House purchase lending in Northern Ireland reached its highest second quarter level since 2007. First-time buyers continue to drive that growth, out-borrowing home movers since 2010. Affordability conditions are better than in the UK overall, and are assisted by attractive rates being offered by lenders and a wide range of product choice available in the market.
 
To read the full article click here.
 

Mortgage arrears and possessions fell again in the second quarter


CML report that the number of mortgages in arrears of 2.5% or more of the outstanding balance declined to 88,200 in the second quarter of this year, the lowest level since at least 1994 when this run of data began. The total was 5% lower than in the first quarter (92,600) and amounted to 0.8% of the more than 11 million mortgages outstanding in the UK. The second quarter also saw a fall in the number of mortgages across all arrears bands, including those with the highest levels of arrears. In the same period, the number of mortgages with arrears of 10% or more of the outstanding balance totalled 25,200, down 5% than the preceding quarter. This brought a welcome end to a period of five successive quarters in which this figure had edged upwards from 23,400 in the first quarter of 2016. The number of properties taken into possession also declined in the second quarter from 1,900 to 1,800 (accounting for 0.02% of all mortgages). The total was the same as in the final quarter of last year, and is the lowest figure since quarterly data was first published in 2008.
 
To read the full article click here.
 

The high court publishes its quarterly report


During the period April to June 2017:
The high court received 892 cases were into the Chancery division, a 16% decrease on the same quarter last year (1,057), and the lowest number received during the April to June quarter since the time series began in 2007. 797 cases were disposed of in the Chancery division during April to June 2017, a 22% decrease compared to the same period in 2016 (1,023). In total 39% were chancery cases, 44% were bankruptcy cases and 17% were companies’ cases. This is the lowest number of chancery cases received since the time series began in 2007
 
To read the full report click here.
 

The BBC report that there could be no interest rises

Many economists do not expect UK interest rates to rise until 2019 despite inflation remaining above target, according to a BBC snapshot. They believe that the Bank of England's Monetary Policy Committee (MPC) will be reluctant to raise rates during Brexit negotiations. Inflation stood at 2.6% in July - well above the Bank's official target of 2%. Last week, one MPC member, Michael Saunders, said a "modest rise" in rates was needed to curb high inflation.
 
How do higher interest rates curb inflation?
  • Borrowing becomes more expensive, meaning consumers have less to spend, so some prices are less likely to increase
  • The cost of some mortgages rises, reducing disposable income
  • Higher interest rates also encourage saving, rather than spending 
Analysis by Andrew Verity, economics correspondent, the last time interest rates went up was 5 July, 2007. They rose by a quarter of a percentage point to 5.75%. The next month the credit crunch struck, and so began a series of cuts, down to 0.5% in March 2009. These were supposed to be emergency measures. Then came the Brexit vote, and in August 2016 the official rate dropped to a fresh record low of 0.25%. That compares to a typical range of between 5% and 13% for most of the 1990s. Emergency rates are the new normal. That carries dangers. If we hit another slump, we've run out of road; there won't be much the Bank of England can do to help by cutting interest rates.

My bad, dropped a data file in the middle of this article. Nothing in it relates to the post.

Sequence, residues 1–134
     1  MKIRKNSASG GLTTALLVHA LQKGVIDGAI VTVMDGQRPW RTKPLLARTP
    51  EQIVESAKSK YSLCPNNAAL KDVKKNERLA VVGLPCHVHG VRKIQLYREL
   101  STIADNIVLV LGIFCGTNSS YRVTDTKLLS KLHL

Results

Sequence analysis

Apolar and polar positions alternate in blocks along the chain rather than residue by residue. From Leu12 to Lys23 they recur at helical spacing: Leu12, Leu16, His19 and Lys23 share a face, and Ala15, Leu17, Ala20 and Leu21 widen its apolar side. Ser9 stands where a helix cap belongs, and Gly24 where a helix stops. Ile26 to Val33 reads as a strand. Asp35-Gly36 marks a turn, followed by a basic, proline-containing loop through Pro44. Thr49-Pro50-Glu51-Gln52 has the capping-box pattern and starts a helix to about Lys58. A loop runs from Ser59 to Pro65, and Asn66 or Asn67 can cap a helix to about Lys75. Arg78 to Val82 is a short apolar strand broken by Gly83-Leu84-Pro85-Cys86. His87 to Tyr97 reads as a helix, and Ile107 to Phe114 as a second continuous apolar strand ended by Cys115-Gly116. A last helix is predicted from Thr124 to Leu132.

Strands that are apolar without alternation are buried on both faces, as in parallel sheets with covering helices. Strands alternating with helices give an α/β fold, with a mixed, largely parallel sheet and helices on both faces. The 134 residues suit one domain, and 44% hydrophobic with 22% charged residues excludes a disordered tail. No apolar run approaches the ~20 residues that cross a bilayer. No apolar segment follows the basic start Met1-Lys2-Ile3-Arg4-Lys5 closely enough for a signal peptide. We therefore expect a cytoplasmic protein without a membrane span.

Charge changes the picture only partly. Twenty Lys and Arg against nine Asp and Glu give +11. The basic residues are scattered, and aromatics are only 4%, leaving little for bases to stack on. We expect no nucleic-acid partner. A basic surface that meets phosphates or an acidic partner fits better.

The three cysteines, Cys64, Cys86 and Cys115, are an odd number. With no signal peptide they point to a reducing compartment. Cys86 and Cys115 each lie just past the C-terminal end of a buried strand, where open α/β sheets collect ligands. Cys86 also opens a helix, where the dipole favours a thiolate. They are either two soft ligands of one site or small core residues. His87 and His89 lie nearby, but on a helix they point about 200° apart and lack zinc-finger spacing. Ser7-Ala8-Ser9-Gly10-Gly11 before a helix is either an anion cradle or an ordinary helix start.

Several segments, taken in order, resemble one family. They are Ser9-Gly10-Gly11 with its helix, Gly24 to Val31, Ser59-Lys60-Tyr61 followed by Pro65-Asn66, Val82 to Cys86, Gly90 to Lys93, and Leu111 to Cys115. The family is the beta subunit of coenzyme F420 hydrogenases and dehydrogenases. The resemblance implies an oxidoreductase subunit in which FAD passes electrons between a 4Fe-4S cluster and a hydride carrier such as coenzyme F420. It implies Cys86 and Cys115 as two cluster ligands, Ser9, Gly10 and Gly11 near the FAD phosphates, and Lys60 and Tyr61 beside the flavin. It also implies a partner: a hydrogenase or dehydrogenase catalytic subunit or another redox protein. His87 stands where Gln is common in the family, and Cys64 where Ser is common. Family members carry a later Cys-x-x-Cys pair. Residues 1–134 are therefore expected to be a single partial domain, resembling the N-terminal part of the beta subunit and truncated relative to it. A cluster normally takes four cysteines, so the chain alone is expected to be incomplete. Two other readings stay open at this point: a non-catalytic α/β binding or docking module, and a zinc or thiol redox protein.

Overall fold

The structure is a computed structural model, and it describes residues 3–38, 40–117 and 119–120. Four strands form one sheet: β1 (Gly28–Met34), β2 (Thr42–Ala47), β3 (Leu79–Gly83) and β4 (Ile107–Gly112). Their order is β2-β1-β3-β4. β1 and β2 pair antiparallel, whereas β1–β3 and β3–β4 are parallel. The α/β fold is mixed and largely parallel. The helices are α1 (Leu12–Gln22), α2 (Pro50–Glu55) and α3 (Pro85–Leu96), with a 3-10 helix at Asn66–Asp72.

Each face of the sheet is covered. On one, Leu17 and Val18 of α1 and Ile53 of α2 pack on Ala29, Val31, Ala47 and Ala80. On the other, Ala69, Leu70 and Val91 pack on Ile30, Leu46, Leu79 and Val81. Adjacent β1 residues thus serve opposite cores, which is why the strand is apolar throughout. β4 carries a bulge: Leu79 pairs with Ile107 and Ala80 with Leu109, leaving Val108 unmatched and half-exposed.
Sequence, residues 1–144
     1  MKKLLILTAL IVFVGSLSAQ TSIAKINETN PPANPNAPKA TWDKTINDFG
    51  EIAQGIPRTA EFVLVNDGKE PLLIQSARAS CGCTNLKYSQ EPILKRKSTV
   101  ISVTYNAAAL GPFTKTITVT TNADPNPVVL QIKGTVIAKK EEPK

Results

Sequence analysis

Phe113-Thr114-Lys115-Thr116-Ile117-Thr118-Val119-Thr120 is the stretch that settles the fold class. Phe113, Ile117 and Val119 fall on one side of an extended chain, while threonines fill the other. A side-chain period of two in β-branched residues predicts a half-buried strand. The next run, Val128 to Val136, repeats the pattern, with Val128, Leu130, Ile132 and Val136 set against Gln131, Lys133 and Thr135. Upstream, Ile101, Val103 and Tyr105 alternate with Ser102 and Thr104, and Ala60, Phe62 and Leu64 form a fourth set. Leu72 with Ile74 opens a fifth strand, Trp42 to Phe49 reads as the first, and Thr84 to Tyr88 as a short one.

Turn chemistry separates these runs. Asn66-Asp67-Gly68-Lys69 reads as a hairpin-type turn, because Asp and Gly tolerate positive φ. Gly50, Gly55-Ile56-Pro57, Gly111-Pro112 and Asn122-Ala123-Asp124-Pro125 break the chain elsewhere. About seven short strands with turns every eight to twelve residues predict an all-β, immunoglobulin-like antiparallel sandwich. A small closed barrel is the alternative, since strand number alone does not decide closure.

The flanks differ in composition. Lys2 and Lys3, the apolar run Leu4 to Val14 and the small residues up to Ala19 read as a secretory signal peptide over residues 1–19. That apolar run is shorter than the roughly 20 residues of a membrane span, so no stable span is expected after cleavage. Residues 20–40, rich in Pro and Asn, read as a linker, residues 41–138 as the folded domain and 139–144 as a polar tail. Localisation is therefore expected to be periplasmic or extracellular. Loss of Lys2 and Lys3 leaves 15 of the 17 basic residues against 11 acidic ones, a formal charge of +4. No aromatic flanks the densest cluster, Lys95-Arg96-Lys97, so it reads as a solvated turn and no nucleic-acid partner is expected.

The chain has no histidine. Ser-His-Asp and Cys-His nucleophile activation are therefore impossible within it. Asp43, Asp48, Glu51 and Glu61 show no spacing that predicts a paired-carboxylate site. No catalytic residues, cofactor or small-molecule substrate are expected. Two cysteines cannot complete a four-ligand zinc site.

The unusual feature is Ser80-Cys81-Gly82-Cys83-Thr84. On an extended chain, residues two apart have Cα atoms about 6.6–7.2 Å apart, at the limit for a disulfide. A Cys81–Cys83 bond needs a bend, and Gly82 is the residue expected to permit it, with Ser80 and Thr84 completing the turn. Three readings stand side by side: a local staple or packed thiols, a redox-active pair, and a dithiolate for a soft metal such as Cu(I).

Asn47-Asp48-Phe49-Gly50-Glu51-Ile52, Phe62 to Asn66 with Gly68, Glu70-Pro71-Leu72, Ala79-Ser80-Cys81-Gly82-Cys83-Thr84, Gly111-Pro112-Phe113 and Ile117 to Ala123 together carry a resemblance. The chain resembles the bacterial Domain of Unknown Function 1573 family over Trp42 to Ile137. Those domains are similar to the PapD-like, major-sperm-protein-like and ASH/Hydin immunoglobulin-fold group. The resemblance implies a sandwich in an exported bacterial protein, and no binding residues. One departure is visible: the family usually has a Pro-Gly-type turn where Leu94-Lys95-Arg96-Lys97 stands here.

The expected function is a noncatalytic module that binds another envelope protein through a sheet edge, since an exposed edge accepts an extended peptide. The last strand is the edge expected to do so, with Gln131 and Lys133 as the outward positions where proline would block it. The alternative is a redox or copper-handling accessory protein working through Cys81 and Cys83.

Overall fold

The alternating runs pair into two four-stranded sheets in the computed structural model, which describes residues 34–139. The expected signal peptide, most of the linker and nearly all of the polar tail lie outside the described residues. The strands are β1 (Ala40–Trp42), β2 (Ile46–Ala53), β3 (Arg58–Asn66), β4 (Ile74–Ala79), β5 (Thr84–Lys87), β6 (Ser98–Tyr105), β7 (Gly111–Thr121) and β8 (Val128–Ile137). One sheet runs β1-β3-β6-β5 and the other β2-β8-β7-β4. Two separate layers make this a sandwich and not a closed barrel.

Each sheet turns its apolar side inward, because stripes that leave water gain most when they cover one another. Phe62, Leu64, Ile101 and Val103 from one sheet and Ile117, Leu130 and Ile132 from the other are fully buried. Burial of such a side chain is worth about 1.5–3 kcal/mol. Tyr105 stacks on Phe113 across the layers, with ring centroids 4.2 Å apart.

To read the full article click here.
 

Lloyds Bank brings in single overdraft rate in radical shake-up

The Guardian reports that Lloyds have changed all existing charges on 20m accounts to finish in November and be replaced by flat fee of 1p for every £7 overdrawn. Lloyds say nine out of 10 customers will either be better off or see no change.  Lloyds Bank is to radically change the way it charges for overdrafts on its 20m accounts, including those at Halifax and Bank of Scotland, in a move it claims will leave most customers better off – although one in 10 could pay significantly more.  All existing charges for overdrafts will be abandoned in November and replaced with a single fee of 1p every day for every £7 of overdraft used. It comes ahead of moves expected by the Financial Conduct Authority to cap “extortionate” fees for unplanned overdrafts, which critics say can work out as bad as the fees charged by payday lenders. Under current Lloyds rules, someone who goes more than £25 over their overdraft limit is charged £10 a day, and also faces a £10 fee for every payment that is bounced, called the ‘returned item fee’. They also have to pay 19.89% interest on the balance.
 
To read the full article click here.
 

Construction growth slumps to one-year low

Sky news reports that economists warn the sector is "flirting with another recession" as a rise in new homes is offset by a fall in commercial projects. The monthly survey of purchasing managers (PMI) showed a significant decline in building works, with a reading of 51.1 for last month - down from 51.9 in July. The reading - the weakest overall UK construction performance since August 2016 - was close to the 50-point mark which shows stagnation. A reading above 50 indicates growth. Economists had forecast a figure of 52. Firms reported a lack of new orders to replace completed ventures, with residential building the only area to buck the overall trend in August. However, a robust rise in house building was offset by the marked decline in commercial projects - dropping at the fastest pace since July 2016.
 
To read the full article click here.